A new study out of Stanford concludes that men and women who use marijuana frequently have sex more often. The findings contradict earlier research.
Marijuana users apparently have more sex.
At least that’s what a new study from the Stanford University School of Medicine concludes.
The research, published today, found a positive association between use of the drug and sexual frequency.
It’s the first study of its kind.
Prior research on marijuana’s effect on sex drive and performance has been contradictory.
Some research concluded the drug enhances pleasure. Other studies concluded marijuana can be detrimental to performance.
“With the growing wave of legalization of marijuana in the U.S., it’s important to understand the health effects,” Dr. Michael Eisenberg, a lead study author and an assistant professor of urology at Stanford, told Healthline.
“As an expert in male sexual and reproductive function, my patients often asked me how marijuana may impact sexual function. This study begins to provide answers,” Eisenberg added.
The study is based on an analysis of more than 50,000 people between the ages of 25 and 45 in the United States.
The participants included men and women.
Individuals in the study described their marijuana habits as never, less than once per month, monthly, weekly, and daily.
The daily users of marijuana reported more recent sexual encounters.
Marijuana users were also found to be having about 20 percent more sex than those who abstain from the drug, said Eisenberg.
The study found this was true in both men and women of different races, ages, and education levels. It was also true for married individuals.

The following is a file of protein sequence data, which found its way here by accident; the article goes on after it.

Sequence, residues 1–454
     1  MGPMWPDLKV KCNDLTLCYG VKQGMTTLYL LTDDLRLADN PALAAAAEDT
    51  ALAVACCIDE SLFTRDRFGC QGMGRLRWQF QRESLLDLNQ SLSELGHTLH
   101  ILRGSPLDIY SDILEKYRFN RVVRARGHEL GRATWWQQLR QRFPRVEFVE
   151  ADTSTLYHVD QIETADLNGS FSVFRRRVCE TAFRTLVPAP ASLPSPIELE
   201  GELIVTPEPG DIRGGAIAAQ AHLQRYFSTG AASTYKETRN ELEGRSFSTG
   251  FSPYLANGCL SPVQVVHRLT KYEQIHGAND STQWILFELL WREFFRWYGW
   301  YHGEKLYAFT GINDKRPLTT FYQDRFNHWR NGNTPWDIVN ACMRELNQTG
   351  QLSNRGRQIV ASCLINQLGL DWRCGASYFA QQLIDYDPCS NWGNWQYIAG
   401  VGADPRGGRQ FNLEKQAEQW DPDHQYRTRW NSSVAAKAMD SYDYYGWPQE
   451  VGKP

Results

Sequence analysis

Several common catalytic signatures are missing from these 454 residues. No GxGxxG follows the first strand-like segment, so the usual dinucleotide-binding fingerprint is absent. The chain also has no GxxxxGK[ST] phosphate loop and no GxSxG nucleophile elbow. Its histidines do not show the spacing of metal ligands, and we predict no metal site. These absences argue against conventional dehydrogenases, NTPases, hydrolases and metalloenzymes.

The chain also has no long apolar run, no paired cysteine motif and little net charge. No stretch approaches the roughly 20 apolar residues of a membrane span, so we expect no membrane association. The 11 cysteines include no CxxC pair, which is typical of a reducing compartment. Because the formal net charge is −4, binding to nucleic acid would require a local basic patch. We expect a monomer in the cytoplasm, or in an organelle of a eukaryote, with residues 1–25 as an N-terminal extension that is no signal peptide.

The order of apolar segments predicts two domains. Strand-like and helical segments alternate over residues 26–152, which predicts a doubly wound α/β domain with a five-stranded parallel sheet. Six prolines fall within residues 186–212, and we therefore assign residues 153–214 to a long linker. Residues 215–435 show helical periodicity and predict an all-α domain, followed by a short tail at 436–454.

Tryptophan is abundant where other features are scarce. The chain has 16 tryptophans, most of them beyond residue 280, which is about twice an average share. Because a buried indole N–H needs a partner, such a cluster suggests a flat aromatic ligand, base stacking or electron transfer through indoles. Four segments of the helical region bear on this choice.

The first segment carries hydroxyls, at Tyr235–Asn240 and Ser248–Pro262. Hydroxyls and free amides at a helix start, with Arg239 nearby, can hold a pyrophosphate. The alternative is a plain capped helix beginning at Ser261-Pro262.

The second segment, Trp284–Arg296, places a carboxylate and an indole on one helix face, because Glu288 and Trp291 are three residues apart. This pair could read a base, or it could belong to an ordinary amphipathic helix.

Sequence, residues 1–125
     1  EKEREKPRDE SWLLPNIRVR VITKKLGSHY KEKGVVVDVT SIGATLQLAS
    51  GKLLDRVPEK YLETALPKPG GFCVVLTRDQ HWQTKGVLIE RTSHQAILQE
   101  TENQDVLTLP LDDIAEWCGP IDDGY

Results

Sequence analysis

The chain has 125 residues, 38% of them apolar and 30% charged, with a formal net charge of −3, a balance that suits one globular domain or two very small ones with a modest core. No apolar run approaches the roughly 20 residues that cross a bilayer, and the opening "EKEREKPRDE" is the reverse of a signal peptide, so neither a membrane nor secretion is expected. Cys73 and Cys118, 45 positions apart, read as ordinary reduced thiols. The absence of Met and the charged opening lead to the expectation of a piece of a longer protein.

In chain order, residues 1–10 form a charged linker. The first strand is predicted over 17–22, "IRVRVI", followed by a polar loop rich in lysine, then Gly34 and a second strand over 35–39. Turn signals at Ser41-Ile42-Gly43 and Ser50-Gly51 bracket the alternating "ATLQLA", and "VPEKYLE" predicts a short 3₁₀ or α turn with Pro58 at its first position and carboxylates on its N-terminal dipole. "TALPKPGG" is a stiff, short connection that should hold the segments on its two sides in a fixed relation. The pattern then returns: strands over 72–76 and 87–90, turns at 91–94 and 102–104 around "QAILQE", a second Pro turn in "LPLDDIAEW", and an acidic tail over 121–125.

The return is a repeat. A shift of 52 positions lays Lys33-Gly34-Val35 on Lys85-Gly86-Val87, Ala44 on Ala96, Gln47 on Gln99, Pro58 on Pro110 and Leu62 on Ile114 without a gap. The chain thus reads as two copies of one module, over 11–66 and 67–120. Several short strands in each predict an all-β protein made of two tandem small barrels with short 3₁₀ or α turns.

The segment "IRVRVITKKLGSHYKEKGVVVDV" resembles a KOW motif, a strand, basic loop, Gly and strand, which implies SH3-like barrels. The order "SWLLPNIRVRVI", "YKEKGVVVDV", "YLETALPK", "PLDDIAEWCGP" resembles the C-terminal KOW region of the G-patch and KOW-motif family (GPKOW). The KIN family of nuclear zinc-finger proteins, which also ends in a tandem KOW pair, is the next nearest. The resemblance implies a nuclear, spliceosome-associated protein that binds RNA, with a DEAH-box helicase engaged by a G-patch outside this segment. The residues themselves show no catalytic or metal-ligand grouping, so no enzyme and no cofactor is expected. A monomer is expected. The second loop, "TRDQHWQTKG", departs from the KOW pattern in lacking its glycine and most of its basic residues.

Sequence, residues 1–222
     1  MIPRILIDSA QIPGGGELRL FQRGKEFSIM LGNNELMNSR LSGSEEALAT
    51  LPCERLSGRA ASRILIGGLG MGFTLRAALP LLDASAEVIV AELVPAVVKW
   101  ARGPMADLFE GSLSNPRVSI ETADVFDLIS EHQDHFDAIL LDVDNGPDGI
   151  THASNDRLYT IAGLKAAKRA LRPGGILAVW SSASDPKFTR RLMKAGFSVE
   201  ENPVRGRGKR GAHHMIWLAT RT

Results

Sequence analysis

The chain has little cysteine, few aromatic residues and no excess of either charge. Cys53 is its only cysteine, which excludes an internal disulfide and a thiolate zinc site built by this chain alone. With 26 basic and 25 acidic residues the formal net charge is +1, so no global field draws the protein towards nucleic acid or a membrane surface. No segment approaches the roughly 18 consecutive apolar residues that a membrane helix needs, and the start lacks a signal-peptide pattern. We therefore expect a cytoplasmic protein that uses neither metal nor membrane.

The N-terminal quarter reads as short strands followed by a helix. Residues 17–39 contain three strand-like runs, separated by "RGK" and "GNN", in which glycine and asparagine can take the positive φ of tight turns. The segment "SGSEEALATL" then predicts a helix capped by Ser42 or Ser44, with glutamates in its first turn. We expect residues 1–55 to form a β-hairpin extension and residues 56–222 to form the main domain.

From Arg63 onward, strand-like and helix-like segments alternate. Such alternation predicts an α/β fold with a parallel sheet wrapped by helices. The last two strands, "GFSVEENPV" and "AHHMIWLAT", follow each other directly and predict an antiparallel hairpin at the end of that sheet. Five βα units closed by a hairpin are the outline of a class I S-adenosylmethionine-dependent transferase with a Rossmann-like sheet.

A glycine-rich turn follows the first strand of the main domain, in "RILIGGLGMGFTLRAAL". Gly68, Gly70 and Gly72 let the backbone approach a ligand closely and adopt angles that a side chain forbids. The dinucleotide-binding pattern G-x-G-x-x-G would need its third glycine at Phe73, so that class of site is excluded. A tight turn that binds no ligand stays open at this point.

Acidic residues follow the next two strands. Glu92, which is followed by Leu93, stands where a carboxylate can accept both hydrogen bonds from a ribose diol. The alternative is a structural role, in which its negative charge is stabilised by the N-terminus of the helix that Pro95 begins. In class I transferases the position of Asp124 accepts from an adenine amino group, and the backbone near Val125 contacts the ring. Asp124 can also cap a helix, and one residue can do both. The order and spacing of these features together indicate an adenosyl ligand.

Researchers stopped short of calling it a causal relationship. But they say that their results hint at one.
They also say the data implies that regular marijuana use doesn’t impair sexual function and desire.
Marijuana has endured a reputation in popular culture as being somewhat problematic when it comes to sex, primarily in men.
Prior studies have investigated a link between the drug and erectile dysfunction as well as inability to orgasm.
However, Eisenberg’s study indicates that despite some of these potential side effects, the vast majority of users describe marijuana as increasing sexual pleasure.
Almost 75 percent of respondents believed this to be true.
Still, the study does leave some unanswered questions.
Marijuana dose is an important factor besides frequency. That wasn’t investigated.
A deeper look could give a clearer picture of the drug’s relationship with some of its reported side effects, such as erectile dysfunction.
Authors say the study also has broader implications in understanding the health benefits of marijuana.
In separate studies, marijuana users have displayed lower rates of diabetes, smaller waist circumference, and improved insulin resistance.
Increased sexual function could then potentially be added to this list, indicating a healthier lifestyle.
There’s also the most obvious implication of the study itself: Could marijuana be used as a treatment for sexual dysfunction?
This study can’t answer that question. But researchers believe that the strong association they found is a strong indicator that more work needs to be done to look at the potential benefits of marijuana on sexual health.